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TODAY'S OTHER NEWS

Online agent changes ad after 'misleading' complaint

Online estate agency HouseSimple has changed the wording of one of its adverts after the Advertising Standards Authority (ASA) received a complaint that it was misleading.

The advert, which appeared on a tram, suggested that clients of HouseSimple could “Save £15,665 versus average Foxtons fee of 2.4”.

The complainant queried whether the ad could be deemed misleading because it did not make clear the basis of the savings claim. 

The ASA says that after it approached HouseSimple with the complaint, the agency agreed to amend the ad. 

HouseSimple amended the advert to make it clear that the savings claim is based on selling a property at the agency's own current average asking price in London.

In light of this amendment, the ASA considered the matter to have been 'informally resolved' and closed the case. 

"The complaint related to a particular figure we had referenced in the advert. We accepted that it might have been confusing and were happy to make the necessary amend to ensure the message we were trying to get across was as clear as possible," Alex Gosling, ceo of HouseSimple told Estate Agent Today.

He says that the firm came to the savings figure of £15,664 by taking its average price for a London property (£561,373) and using Foxtons' average vendor fee of 2.4% +VAT (which was taken from independent research by Peel Hunt) to calculate a vendor fee of £16,167. 

It then subtracted its own average vendor fee for a London property (£502) to arrive at the conclusion that the average HouseSimple vendor in London would save over £15,000 by using the online agency over Foxtons.

HouseSimple says that if it had used Foxtons' or Rightmove's average London property price in its advert, it would have quoted respective savings figures of £25,001 and £17,213.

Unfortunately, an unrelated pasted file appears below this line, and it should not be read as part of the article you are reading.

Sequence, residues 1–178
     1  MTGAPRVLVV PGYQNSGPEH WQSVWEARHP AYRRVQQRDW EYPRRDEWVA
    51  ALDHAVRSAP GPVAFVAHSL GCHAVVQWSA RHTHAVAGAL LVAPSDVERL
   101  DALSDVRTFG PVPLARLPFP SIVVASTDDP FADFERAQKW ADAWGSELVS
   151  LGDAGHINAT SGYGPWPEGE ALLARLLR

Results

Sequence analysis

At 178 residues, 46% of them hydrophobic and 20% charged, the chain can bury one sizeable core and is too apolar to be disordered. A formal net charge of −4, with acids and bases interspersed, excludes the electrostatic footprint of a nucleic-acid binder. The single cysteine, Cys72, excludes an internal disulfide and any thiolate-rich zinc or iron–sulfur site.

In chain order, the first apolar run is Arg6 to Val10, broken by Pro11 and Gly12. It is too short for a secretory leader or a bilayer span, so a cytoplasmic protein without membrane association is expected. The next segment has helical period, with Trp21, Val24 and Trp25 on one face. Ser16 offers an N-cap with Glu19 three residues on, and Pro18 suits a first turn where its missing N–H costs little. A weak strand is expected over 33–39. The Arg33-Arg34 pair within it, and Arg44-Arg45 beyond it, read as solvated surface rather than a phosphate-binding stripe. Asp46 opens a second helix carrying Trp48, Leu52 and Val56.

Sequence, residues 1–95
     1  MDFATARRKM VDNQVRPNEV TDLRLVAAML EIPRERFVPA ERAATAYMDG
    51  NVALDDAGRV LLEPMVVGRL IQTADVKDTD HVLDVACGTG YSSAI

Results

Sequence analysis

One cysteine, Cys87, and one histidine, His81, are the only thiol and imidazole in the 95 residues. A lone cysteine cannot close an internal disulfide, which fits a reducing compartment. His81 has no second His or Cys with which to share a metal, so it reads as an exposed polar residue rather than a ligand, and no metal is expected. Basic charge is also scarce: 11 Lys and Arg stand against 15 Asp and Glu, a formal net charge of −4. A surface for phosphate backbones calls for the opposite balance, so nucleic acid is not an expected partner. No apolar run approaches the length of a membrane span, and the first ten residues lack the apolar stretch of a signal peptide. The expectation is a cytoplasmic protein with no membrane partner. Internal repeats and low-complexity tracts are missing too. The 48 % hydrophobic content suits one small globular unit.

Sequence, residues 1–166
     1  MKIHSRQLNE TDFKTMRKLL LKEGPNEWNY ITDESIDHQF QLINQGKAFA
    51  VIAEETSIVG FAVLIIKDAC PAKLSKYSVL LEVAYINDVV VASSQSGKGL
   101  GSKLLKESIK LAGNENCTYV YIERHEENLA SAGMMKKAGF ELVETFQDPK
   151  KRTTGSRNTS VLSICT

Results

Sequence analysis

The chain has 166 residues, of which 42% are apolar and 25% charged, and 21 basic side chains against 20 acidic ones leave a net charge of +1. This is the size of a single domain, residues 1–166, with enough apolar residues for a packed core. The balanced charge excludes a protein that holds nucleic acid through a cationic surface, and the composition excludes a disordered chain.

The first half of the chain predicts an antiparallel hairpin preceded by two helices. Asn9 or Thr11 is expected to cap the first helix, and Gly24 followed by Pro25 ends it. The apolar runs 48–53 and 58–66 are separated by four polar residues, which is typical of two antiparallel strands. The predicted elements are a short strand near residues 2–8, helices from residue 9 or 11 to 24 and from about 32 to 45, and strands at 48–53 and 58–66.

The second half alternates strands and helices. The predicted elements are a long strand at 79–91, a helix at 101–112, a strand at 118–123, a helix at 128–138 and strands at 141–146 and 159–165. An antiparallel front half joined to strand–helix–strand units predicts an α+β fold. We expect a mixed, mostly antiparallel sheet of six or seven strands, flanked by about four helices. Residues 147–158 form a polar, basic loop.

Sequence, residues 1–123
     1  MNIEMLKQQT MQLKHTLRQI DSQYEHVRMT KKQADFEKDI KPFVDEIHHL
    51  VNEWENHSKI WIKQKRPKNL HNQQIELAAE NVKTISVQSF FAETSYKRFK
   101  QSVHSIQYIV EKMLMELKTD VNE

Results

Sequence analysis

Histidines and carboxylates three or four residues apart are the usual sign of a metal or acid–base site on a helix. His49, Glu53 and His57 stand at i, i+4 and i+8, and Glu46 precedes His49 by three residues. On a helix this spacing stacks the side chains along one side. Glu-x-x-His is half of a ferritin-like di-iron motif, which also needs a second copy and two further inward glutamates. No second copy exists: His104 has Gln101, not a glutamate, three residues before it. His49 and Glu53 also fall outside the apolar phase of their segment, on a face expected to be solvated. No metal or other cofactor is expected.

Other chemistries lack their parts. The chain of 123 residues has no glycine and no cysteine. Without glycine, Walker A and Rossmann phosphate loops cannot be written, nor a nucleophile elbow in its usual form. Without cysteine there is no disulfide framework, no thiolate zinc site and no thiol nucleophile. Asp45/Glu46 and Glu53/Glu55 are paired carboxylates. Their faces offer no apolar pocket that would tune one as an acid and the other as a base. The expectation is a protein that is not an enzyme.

Gosling says that this incident won't change the way his firm structures its advertising campaigns in the future.

“We feel the message we are trying to convey to consumers, on the savings they can make using an online estate agent, is an important one to get across. We just need to ensure the message is clear so there's no room for confusion," he says.

He also confirms that HouseSimple will continue to use the Foxtons comparison in its ads.

"We feel we are within our rights to make that comparison. The figures are taken from a credible source."

  • Chris Arnold

    What if a sale hits problems from offer to completion? The £500 fee doesn't inspire that sufficient time will be devoted to resolving matters. The online business model remains flawed and only for those that like to gamble

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    It's not surprising that they changed the wording voluntarily. They must have known any case against them would have been upheld and by doing it 'voluntarily' softens the negative publicity blow.

  • Jon  Tarrey

    @Chris Arnold - I think you're being a little harsh on online agents. In what way is it flawed compared to, say, agency websites that look like they've been lifted from the early days of the internet (plenty of traditional agents have this issue) or a resistance to anything resembling change or better value for money for the customers?

    Not saying online agents are perfect, far from it. But I think there is plenty to criticise traditional agents for as well. I don't understand why online and traditional can't just co-exist together. If online agents are no threat, why do the trads get so defensive about them?

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